Grant of the Week: Tsakopoulos Hellenic Collection Library Research Fellowship Program, 2018–2019

2018-02-07T15:14:21Z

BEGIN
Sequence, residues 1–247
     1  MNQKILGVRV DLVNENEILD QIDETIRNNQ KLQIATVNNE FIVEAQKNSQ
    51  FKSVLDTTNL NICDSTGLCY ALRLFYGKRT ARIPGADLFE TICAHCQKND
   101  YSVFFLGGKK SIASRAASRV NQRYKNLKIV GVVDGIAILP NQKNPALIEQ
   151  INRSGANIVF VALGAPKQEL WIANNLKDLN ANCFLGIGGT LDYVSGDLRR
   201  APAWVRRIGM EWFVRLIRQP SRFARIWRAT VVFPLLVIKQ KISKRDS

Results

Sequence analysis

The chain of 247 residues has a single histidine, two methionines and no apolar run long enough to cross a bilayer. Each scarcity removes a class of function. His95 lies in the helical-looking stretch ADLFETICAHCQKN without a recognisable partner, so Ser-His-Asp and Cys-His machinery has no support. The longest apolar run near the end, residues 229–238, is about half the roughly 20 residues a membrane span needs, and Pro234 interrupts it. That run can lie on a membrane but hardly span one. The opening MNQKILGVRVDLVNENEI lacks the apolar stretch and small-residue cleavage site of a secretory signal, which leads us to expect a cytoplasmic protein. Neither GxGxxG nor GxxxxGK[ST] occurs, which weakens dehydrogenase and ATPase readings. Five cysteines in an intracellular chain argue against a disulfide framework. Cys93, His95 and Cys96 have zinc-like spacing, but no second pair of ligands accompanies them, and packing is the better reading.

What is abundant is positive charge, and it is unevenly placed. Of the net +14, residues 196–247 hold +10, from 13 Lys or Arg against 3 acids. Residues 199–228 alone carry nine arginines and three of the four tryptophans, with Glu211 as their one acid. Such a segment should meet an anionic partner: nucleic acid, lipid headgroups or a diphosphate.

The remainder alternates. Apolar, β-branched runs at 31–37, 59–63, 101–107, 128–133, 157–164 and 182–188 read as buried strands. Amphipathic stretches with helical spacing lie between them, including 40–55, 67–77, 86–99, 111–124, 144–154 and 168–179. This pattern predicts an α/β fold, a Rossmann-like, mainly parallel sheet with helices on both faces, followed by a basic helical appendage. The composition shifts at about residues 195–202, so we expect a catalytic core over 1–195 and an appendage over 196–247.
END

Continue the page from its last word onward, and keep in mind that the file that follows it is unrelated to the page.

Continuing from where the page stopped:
Every week, AHA Today showcases a new grant, fellowship, or scholarship of interest to historians which has been posted to our free Calendar. This week we are featuring the Tsakopoulos Hellenic Collection Library Research Fellowship Program.  Thanks to generous ongoing funding from the Elios Charitable Foundation and additional funding from the Tsakopoulos Hellenic Foundation, the University Library at California State University, Sacramento is pleased to announce the continuation of the Library Research Fellowship Program to support the use of the Tsakopoulos Hellenic Collection by fellows for scholarly research in Hellenic studies while in residence in Sacramento, CA. The post Grant of the Week: Tsakopoulos Hellenic Collection Library Research Fellowship Program, 2018–2019 appeared first on American Historical Association. Every week, AHA Today showcases a new grant, fellowship, or scholarship of interest to historians which has been posted to our free Calendar. This week we are featuring the Tsakopoulos Hellenic Collection Library Research Fellowship Program.  Thanks to generous ongoing funding from the Elios Charitable Foundation and additional funding from the Tsakopoulos Hellenic Foundation, the University Library at California State University, Sacramento is pleased to announce the continuation of the Library Research Fellowship Program to support the use of the Tsakopoulos Hellenic Collection by fellows for scholarly research in Hellenic studies while in residence in Sacramento, CA. The Program provides a limited number of fellowships ranging from $1,000 to $4,000 to help offset transportation and living expenses incurred during the tenure of the awards and is open to external researchers anywhere in the world at the doctoral through senior scholar levels (including independent scholars) working in fields encompassed by the Collection’s strengths who reside outside a 75-mile radius of Sacramento. The term of fellowships can vary between two weeks and three months, depending on the nature of the research, and for the current cycle will be tenable from July 1, 2018-June 30, 2019. The fellowship application deadline is February 28, 2018. No late applications will be considered. Consisting of the holdings of the former Speros Basil Vryonis Center for the Study of Hellenism, the Tsakopoulos Hellenic Collection is the premier Hellenic collection in the western United States and one of the largest of its kind in the country, currently numbering approximately 75,000 volumes. It comprises a large circulating book collection, journal holdings, electronic resources, non-print media materials, rare books, archival materials, art and artifacts. With its focus on the Hellenic world, the Collection contains early through contemporary materials across the social sciences and humanities relating to Greece, the Balkans, the Ottoman Empire and modern Turkey, and the surrounding region, with particular strengths in Byzantine, post-Byzantine, and Modern Greek studies, including the Greek diaspora. There is a broad representation of over 20 languages in the Collection, with a rich assortment of primary source materials. Since 2009 the collection has experienced particularly dramatic growth through several major gift acquisitions. For further information about the Tsakopoulos Hellenic Collection, visit http://library.csus.edu/tsakopoulos-hellenic-collection. For the full Library Research Fellowship Program description and application instructions, see: http://library.csus.edu/tsakopoulos-hellenic-collection/lrfp. Questions about the Program can be directed to George I. Paganelis, Curator, Tsakopoulos Hellenic Collection (paganelis@csus.edu). End: February 28, 2018 Contact: paganelis@csus.edu More Info: http://library.csus.edu/tsakopoulos-hellenic-collection/lrfp The post Grant of the Week:[...]